A group of researchers from the North American company Rejuvenate Bio, in San Diego (California), claim to have achieved extend the life expectancy of mice elderly and reversed age-related changesas revealed in a pre-published job on the server bioRxiv.
Has been thanks to gene therapy which consists of introducing three genes known as Yamanaka or OSK factors, particularly active in embryonic cells. The results, which have not yet been reviewed by other experts (certified by a peer review), could demonstrate that this type of therapeutic interventions will benefit the world population that gets older and older.
Aging is a complex process that is best characterized as chronic dysregulation of cellular processes leading to impaired function of tissues and organs. While aging cannot currently be preventedits impact on lifespan and health in the elderly can potentially be minimized through interventions that aim to get these cellular processes back to working optimally.
It was administered systemically in 124-week-old mice (the equivalent of 77 human years), getting double life expectancy, increasing by 7% in absolute value. In addition, they observed a significant improvement in frailty scoreswhich indicates that it could improve service life and increase it. Similarly, in human keratinocytes expressing exogenous OSK, they observed significant epigenetic markers of age reversal, suggesting potential re-regulation of gene networks to a younger and potentially healthier state.
The actual application of this discovery is far away.
Aging is associated with increased susceptibility to adverse health outcomes that clinicians can capture using a frailty index (FI), where people are scored based on a subset of age-related health deficits. High composite scores reflect a frail state and increased susceptibility to poor health outcomes.
A similar index in mice can be used to assess aging and the effects of aging interventions. The researchers observed significant reduction in FI of 7.5 points for doxycycline-treated control mice to 6 points for TRE-OSK mice, suggesting that increased lifespan was correlated with better overall health of the animals.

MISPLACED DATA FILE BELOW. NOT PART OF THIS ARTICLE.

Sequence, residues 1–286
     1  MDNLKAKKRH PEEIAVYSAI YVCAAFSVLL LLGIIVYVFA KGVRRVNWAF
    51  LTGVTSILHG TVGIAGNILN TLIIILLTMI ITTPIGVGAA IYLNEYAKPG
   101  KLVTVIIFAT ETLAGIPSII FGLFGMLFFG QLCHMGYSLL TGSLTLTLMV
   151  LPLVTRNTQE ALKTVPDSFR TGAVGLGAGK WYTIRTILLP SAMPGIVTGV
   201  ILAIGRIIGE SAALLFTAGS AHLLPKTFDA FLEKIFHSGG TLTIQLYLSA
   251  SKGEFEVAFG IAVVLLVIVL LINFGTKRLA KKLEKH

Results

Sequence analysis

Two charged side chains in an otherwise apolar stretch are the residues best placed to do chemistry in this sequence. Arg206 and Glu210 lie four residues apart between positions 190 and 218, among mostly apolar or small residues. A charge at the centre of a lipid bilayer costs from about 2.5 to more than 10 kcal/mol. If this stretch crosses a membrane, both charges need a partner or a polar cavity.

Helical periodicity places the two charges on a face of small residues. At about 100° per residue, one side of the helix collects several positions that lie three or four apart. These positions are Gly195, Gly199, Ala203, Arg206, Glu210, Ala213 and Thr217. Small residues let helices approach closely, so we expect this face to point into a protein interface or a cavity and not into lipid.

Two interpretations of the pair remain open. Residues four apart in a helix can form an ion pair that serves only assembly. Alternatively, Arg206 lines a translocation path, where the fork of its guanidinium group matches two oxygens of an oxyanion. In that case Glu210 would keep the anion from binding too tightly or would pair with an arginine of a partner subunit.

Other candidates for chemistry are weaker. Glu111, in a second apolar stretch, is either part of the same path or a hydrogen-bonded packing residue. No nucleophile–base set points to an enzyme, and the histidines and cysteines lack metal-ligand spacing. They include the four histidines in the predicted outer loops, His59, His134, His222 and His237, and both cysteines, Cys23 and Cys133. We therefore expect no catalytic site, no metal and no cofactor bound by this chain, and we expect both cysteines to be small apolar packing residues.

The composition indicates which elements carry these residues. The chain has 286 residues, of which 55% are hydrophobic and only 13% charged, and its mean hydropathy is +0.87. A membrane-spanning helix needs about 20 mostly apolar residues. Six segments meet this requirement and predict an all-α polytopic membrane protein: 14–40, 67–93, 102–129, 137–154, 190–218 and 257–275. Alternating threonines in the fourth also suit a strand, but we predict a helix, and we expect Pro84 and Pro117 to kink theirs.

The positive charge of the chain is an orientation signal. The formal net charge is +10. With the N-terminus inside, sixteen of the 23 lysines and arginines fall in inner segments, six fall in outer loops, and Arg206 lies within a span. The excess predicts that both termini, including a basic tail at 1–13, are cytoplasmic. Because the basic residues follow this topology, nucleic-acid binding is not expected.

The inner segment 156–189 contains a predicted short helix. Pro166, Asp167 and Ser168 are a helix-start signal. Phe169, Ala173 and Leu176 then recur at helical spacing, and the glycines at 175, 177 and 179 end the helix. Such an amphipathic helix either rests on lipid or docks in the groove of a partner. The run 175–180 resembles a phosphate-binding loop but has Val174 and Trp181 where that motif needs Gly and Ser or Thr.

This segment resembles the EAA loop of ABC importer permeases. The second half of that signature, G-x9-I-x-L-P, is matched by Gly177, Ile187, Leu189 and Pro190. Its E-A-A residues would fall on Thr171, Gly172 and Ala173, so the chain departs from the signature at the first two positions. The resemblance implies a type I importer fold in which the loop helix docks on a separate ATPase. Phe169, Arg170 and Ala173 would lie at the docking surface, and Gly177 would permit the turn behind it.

Taken together, the mouse and keratinocyte data suggest that AAV-mediated gene therapy that delivers OSK increases lifespan in mice with improved health parameters and reverses biomarkers of aging in human cells.
“The result is very striking and seems to endorse the rejuvenating potential of this strategy. Despite this, the real application of this discovery is very distant and it should only be taken as one more step in research in this line”, Manuel Collado, director of the Cellular Senescence, Cancer and Aging Laboratory of the Santiago de Compostela Health Research Institute (IDIS), told SMC Spain.
In his opinion, “it must also be taken into account that the work was carried out by a biotechnology company with obvious economic interests in this area of research and we know that this frequently conditions the validity of the results. In this case, moreover, given the enormous competition that has thrown several companies into the race that pursue this same promise of rejuvenation, it seems that the speed of trying to show themselves as the first to achieve it has not allowed sufficiently thorough experimentation and analysis“.
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